The recent refusal of the Chequers Plan by Theresa May’s, Prime Minister of the UK rings the alarm for european economic operators who feared the consequences of a sudden exit of the UK with no agreement at all.
The D-day for a “bye-bye UK” is due on 30th of March 2019, which means that an agreement must be quickly adopted in order to allow sufficient time for ratification by parliaments. Consequently, three scenarii could possibly take place: 1) A validated exit agreement 2) the implementation of a new referendum in the UK 3) an exit without any agreement. This last scenario seems to be most likely to come true and will definitely have serious consequences for European economic actors.
The Chequers Plan proposed a “Soft Brexit” keeping the free movement of goods but rejecting the free movement of persons. Therefore, and in order to preserve the unity of the single market, Brussels decided to reject this proposal.
If the UK does not reach an agreement, customs duties will be automatically reintroduced, putting a sudden end to the European freedom of movement.
In the midst of European inflexibility and internal divisions within the British government, there is limited chance that an agreement will be reached by October.
The consequences of the Brexit have long been identified and the agreement was intended to reduce its effects on both UK and EU economy and trade relationship as well as the UK participation to EU funding opportunities. Indeed, regarding the EU funding programmes, the deal was supposed to lead to a transition phase ensuring British participation until the end of the programming period (2020). However, if there is no agreement, British nationals would immediately lose their access to European programmes. As such, British researchers are actually worried as they will no longer benefit from EU Horizon 2020 funding programme (research and innovation programme). Indeed, if the UK actual participation will not be withdrawn from ongoing projects even after 2020, it will certainly be excluded from the EU programmes post-2020, such as Switzerland in 2014 for the H2020 programme (back in 2017).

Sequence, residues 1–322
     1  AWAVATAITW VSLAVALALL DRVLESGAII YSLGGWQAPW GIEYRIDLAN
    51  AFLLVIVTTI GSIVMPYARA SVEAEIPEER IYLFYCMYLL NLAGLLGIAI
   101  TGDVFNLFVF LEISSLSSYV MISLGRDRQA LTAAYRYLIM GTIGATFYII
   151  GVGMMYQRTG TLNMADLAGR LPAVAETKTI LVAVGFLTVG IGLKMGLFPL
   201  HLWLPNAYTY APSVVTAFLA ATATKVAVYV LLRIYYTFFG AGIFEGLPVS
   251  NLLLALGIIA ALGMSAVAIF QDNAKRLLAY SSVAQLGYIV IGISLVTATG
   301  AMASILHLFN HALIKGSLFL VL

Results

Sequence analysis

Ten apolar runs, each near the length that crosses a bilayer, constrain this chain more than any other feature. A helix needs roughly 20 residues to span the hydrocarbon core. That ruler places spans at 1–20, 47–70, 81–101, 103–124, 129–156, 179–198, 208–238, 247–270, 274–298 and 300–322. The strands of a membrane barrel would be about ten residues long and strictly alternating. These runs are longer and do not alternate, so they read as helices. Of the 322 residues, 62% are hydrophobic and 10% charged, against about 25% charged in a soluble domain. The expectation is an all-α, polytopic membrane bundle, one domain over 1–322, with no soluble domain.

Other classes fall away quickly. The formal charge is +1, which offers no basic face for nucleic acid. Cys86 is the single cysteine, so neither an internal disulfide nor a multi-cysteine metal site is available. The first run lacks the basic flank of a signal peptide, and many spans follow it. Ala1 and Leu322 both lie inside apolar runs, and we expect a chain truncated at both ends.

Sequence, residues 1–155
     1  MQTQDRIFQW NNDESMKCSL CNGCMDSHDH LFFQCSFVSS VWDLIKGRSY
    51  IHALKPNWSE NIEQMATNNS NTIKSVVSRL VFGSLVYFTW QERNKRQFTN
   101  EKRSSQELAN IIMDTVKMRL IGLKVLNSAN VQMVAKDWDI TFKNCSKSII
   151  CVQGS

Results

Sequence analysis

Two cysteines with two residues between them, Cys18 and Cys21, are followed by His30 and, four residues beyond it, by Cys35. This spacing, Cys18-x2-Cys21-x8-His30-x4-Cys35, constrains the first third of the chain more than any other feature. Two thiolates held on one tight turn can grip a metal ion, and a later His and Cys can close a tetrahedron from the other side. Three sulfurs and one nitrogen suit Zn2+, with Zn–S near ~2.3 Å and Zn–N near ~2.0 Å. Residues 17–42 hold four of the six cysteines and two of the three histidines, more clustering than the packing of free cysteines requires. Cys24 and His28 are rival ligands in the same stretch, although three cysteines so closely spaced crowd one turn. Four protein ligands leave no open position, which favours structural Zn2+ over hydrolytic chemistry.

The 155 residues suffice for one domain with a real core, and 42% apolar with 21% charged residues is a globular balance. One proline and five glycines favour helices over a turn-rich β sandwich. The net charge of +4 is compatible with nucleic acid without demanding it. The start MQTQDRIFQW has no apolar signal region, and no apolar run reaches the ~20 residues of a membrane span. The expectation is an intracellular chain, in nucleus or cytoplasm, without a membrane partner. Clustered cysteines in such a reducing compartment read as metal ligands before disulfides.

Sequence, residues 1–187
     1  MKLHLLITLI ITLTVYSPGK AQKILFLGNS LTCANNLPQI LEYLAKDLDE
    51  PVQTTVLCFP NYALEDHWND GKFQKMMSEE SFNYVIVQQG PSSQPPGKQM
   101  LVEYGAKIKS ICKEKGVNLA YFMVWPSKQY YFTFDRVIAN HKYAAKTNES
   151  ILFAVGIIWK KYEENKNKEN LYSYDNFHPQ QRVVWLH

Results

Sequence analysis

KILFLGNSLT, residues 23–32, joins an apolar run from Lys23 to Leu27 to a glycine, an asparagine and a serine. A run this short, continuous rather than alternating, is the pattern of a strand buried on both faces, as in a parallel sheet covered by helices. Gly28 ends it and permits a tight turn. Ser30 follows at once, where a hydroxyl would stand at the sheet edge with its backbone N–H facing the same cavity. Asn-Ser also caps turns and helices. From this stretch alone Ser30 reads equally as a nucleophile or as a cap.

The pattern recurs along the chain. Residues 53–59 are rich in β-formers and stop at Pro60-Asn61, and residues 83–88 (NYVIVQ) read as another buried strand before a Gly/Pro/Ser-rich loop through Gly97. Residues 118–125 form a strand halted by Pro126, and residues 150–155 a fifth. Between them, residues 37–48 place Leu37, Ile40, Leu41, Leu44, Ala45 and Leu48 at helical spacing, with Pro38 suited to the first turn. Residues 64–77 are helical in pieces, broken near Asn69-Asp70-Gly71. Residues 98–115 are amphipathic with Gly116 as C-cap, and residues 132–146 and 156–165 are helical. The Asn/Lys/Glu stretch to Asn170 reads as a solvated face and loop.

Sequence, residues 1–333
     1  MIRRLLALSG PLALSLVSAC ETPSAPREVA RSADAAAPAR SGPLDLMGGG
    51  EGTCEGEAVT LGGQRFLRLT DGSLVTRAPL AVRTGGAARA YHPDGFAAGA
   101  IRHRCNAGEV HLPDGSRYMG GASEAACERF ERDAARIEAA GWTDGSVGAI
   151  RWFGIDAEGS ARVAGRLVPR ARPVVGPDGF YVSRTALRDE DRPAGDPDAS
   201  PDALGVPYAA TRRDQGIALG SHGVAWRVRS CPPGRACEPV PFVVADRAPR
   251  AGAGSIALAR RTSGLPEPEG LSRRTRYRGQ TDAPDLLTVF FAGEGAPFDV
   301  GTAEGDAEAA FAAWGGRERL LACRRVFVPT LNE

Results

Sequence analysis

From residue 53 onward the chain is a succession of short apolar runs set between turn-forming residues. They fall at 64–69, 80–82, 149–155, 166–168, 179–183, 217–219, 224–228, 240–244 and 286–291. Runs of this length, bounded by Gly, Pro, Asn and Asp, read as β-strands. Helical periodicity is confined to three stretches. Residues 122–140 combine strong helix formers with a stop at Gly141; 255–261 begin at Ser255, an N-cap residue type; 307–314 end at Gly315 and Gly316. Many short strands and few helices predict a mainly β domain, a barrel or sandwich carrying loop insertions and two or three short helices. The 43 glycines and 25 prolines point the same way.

Some EU programmes have included in their guidelines specific notice regarding the participation of UK organisation for a funding allocation:
“…If the United Kingdom withdraws from the EU during the grant period without concluding an agreement with the EU ensuring in particular that British applicants continue to be eligible, you will cease to receive EU funding (while continuing, where possible, to participate) or be required to leave the project on the basis of the grant agreement.”
Well…. The UK still have two months to conclude an exit agreement, which might avoid putting an end to European funding and projects.